Reading the tweets on the Twitter session on Blended Learning was like being given new prescription glasses.  Everything that was blurry before suddenly becomes clear. 
However, there were two threads of discussion that I still struggled to understand. 
Firstly I did not quite understand the concept of “Social Presence”
The participants wrote the following tweets:

What is “Social Presence”, why is it important, how does it work?  Without social presence, will the students still be learning effectively?

This posting answered many many of my questions, and I certainly hope you will find it useful, too.
My key take away: Involve The Student.  Actively rope them in as an active participant.  Many tools are available to help us do that and one of the most powerful is “Liberating Structures” shared by my very wise group member, Sarah Franke.  Thank you Sarah.
Secondly, I struggled to wrap my head around “What about the principles that should guide your design thinking”. 
I found this diagram by Connie Malamed to be very helpful in answering this question. 

You can read more about her approach to instructional design based on design thinking principles here.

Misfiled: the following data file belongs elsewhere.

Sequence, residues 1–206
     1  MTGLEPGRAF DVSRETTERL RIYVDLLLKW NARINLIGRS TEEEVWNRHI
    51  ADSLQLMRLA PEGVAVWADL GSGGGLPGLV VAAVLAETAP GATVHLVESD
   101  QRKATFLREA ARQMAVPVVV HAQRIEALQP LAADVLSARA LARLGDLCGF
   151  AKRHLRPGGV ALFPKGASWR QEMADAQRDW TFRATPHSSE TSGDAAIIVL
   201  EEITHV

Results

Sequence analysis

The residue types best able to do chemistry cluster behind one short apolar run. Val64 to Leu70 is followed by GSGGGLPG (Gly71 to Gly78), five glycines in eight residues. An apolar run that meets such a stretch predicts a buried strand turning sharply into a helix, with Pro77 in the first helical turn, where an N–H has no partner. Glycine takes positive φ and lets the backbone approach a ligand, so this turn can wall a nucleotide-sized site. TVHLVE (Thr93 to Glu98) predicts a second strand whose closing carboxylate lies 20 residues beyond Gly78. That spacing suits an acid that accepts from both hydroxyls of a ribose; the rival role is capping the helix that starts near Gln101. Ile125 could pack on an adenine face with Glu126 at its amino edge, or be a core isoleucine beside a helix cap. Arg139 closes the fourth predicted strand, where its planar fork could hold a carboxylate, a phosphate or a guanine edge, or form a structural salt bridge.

Finally, on the issue of feedback.  Much was discussed during the tweet chat and I would like add the analogy of the four steps of learning to play tennis when giving feedback to this discussion. 
Step 1 – Demonstrate
The coach demonstrates a very specific way of serving.  All the students watch carefully. 
Step 2 – Practice
The student steps forward and repeat (practice) what the coach just demonstrated.  
Step 3 – Feedback
The coach gives immediate and specific feedback on what the student did right or not right enough, correcting the student until the desired way of serving or doing something is achieved. 
Step 4 – Practice, Again
Before the coach moves on to the next technique, the student practices again and again right there and then to “get the hang of it”, each time with the coach giving timely and precise feedback. 
It is such a simple approach that I am sure your grandmother could have told me so.  Well, I am glad she did.  Thank you grandma, and happy playing! 

Social Presence & Design Thinking In Instructional Design